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Pesticides: Pursuing that Lush, Lovely Lawn

Article / Review by on May 31, 2011 – 9:47 pmNo Comments

Pesticides: Pursuing that Lush, Lovely Lawn

Pesticides: Pursuing that Lush, Lovely Lawn

Darn you, dandelion.

As summer unfurls in upstate New York, homeowners seek ways to keep lawns and newly mulched flower beds weed- and pest-free.

But do we too often reach for chemicals to help our horticultural pursuits? And what are the lingering health concerns with residential pesticides anyway? If a chemical is commercially available, isn’t it presumably safe?

Not necessarily, says URMC expert Dr. Bernard Weiss, who believes many consumers are unaware of the threats that even low-levels of pesticides might pose, especially to the developing fetus and very young children (which is why pregnant women are warned to be very cautious about the kinds of pesticides they use in and around the home). In fact, according to Dr. Weiss, some studies estimate that consumers may use 10 times the amount of chemical pesticides on their lawns as farmers apply to their crops.

To gain some clarity on this topic, we spoke to Dr. Weiss, whose research focuses on how exposure to toxic agents – from metals, to air pollutants, to pesticides – might be influencing our learning and cognitive capacities, motor and sensory performance, even differences between males and females.

Some highlights:

1) Pesticides aren’t always what we think. Beyond the obvious weed-killers, the term “pesticides” can refer to just about any product aimed at scaring off (or killing off) pests — including insect repellant lotions and sprays.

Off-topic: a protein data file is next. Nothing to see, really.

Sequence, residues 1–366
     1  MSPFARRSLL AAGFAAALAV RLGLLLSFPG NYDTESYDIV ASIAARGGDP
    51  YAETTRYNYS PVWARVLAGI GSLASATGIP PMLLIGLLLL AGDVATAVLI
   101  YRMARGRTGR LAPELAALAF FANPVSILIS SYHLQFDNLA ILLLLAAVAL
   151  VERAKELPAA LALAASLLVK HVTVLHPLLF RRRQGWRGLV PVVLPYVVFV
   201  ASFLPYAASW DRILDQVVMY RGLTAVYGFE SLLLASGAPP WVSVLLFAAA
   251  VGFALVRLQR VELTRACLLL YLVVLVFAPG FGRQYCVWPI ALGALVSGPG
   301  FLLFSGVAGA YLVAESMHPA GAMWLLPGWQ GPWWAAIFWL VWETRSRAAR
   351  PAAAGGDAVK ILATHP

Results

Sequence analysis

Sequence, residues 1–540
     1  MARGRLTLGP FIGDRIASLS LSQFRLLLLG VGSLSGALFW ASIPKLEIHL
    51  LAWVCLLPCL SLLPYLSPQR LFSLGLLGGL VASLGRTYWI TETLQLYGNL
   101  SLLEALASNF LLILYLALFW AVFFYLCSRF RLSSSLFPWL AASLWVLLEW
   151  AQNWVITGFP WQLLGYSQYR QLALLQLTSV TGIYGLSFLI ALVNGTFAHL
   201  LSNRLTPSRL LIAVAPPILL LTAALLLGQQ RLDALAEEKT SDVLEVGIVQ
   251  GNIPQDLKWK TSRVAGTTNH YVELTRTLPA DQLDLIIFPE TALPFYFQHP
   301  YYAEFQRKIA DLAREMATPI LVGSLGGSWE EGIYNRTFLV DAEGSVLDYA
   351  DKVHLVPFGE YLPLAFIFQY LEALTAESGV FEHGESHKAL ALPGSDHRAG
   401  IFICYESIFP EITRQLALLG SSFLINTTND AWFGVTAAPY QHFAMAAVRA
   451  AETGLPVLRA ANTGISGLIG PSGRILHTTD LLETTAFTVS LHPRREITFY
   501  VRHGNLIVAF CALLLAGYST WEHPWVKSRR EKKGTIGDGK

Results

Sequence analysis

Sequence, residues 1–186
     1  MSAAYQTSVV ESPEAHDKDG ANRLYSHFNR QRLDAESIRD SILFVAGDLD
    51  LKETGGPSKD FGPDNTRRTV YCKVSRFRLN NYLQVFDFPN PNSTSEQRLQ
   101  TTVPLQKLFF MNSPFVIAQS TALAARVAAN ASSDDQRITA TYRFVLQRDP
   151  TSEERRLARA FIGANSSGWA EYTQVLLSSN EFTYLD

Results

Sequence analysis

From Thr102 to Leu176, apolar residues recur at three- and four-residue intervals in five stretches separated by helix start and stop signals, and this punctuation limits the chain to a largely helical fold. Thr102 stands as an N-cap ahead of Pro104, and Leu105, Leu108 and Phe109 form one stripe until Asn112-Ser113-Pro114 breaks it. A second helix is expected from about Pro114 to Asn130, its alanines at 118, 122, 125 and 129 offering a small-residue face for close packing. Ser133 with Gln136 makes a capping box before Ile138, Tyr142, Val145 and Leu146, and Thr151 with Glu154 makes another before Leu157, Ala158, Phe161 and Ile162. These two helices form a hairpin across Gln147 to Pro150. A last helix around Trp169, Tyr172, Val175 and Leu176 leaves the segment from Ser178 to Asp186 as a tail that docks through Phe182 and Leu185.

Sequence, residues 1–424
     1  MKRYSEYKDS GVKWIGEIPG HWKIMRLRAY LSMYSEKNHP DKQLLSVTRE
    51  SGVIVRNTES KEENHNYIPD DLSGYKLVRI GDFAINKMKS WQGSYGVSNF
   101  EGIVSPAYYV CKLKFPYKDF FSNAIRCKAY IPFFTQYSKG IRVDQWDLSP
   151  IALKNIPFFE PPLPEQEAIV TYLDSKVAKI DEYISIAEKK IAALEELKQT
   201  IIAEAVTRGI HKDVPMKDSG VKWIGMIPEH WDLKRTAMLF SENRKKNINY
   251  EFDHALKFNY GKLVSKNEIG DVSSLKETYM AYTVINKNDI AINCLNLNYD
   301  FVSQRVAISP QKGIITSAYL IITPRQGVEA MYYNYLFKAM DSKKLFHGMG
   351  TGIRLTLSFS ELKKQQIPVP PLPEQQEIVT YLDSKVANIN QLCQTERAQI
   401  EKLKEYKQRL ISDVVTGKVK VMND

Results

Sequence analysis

2) Unborn babies, newborns and young children are most at risk for the negative cognitive developmental effects that might be tied to pesticide exposure. Because of the way they behave (constantly putting things in their mouths, crawling low to the ground), youngsters are most at risk for exposure to pesticides ingested, inhaled, or even absorbed into their skin. What’s more, since their blood-brain barrier may be a bit “leaky” (and imperfect at protecting their yet-developing brains), they have most at stake. For these same reasons, pregnant and breastfeeding women are often encouraged to take extra precaution and avoid contact with pesticides.

3) We conduct safety tests on pesticides one at a time, but often use them in combinations — so it’s hard to appreciate real-life risks. What’s more, the Environmental Protection Agency is still hard at work developing a system to assess neurotoxicity. Until we’ve established a set of standards, it’ll be difficult to fully understand the subtle and long-term risks pesticides might pose, Weiss says.

To hear more of Dr. Weiss’s comments, just watch the clip below.

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*  The above story is adapted from materials provided by University of Rochester Medical Center

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University of Rochester Medical Center

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